The future division of Jerusalem between Palestinians and Israelis stalls "core issues" negotiation
Israel's PM Ehud Olmert seemed to push Jerusalem off the table again today. He said that because the city's future is such a sensitive issue, other matters, such as borders, will be tackled first as this year proceeds toward George Bush's timetable for a Mid-East agreement before he leaves office in January 2009. Not without good reason have many observers noted that the city is really the heart of the century-long conflict. In the opening chapter of Identity Ideology and the Future of Jerusalem (Palgrave 2006), I wrote:
"The problem of Jerusalem is one of the most emotional and explosive issues in the world," wrote Palestinian international jurist Henry Cattan in 1981. In the same year, prominent Israeli novelist and commentator "Aleph Bet" Yehoshua noted that "in a period of violent religious renaissance [Jerusalem] is a dangerous political explosive which could give rise to an uncontrollable conflagration." Fourteen years later, Palestinian scholar Ghada Karmi commented that "nothing in the history of the Arab-Israeli conflict has been so contentious as the issue of Jerusalem." And in 1999 the Israeli negotiator of the Oslo Agreements, Uri Savir, admitted, "The issue of Jerusalem . . . can easily become a public explosion . . . not just between Palestinians and Israelis, but between the Arab world and Israel, between the Islamic world and the Jewish world."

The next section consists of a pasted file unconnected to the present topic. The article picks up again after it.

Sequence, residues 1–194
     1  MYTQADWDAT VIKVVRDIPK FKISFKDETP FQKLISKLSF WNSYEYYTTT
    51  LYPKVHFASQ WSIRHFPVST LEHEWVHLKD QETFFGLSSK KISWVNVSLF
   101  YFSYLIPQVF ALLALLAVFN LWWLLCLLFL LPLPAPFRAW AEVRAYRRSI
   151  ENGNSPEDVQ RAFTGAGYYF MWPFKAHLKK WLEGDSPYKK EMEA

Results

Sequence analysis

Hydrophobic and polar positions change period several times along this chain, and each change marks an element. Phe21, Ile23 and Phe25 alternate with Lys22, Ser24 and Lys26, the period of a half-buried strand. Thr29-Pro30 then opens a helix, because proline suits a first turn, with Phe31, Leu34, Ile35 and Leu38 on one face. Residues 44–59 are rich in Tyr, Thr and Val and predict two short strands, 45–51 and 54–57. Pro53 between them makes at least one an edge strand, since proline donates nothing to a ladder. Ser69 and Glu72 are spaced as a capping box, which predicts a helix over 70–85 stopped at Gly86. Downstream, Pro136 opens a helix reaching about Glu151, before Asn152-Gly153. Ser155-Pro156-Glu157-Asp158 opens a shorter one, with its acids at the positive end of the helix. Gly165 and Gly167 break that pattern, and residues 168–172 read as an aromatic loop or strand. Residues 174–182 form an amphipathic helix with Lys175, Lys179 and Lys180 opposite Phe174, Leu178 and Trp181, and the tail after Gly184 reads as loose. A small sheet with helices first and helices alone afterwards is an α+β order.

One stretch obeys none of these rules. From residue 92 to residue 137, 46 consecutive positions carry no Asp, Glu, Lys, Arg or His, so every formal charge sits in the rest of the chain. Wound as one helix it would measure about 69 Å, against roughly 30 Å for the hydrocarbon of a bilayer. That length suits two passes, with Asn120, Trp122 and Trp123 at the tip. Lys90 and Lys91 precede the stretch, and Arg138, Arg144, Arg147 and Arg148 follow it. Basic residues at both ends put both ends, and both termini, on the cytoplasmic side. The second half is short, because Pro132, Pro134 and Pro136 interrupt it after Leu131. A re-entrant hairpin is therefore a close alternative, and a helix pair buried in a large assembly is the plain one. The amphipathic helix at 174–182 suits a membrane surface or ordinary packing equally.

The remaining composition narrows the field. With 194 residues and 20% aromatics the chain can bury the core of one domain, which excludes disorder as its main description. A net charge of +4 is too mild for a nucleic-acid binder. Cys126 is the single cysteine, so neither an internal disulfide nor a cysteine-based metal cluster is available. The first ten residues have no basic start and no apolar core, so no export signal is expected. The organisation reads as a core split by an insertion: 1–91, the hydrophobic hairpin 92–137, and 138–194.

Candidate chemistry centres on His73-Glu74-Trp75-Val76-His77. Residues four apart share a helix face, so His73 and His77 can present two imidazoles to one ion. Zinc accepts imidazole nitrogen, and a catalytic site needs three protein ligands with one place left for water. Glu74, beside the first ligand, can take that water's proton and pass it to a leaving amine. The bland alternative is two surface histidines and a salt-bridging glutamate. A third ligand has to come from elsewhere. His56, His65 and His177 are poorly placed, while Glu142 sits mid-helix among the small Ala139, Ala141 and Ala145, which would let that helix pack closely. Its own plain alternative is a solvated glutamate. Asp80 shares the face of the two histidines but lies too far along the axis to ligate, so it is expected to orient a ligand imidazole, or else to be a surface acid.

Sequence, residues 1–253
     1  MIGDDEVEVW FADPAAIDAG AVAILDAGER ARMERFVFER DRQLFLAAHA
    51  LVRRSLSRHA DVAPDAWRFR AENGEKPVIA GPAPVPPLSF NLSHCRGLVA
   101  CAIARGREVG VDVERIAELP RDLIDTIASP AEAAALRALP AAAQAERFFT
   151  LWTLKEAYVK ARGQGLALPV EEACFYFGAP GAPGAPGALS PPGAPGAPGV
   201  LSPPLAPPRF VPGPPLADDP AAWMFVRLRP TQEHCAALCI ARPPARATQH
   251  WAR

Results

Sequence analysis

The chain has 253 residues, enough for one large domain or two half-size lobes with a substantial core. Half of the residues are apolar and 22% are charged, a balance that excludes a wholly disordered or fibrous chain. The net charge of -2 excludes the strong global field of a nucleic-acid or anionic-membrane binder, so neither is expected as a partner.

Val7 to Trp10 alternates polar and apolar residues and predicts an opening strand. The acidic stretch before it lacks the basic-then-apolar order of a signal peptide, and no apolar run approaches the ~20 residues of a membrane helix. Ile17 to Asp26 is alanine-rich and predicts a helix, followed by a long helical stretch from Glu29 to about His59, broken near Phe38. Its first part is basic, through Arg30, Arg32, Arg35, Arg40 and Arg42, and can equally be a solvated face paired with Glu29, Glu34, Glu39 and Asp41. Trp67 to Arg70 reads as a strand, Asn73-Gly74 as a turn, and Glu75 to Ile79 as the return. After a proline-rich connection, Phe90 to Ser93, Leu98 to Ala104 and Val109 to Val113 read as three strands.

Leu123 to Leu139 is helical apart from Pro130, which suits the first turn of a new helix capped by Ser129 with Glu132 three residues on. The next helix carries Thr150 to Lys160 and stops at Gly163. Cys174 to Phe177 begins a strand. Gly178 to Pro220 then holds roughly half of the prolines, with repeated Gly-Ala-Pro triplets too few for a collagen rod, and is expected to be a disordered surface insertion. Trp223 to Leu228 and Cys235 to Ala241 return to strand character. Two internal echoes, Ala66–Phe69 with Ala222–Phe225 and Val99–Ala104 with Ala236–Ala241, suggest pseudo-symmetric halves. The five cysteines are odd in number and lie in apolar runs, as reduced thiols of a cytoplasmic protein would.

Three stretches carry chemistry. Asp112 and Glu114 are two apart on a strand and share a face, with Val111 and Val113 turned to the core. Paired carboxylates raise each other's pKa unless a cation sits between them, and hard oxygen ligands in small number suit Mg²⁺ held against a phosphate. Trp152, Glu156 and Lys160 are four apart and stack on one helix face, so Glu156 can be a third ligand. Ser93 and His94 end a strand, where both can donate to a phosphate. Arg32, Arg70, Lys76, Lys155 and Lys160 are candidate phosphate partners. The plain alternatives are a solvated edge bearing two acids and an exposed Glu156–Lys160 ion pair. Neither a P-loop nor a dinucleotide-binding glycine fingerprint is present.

Explosive, contentious, capable of drawing in much of the world community—this is the pervasive nature of the problem.
Middle East Conflict,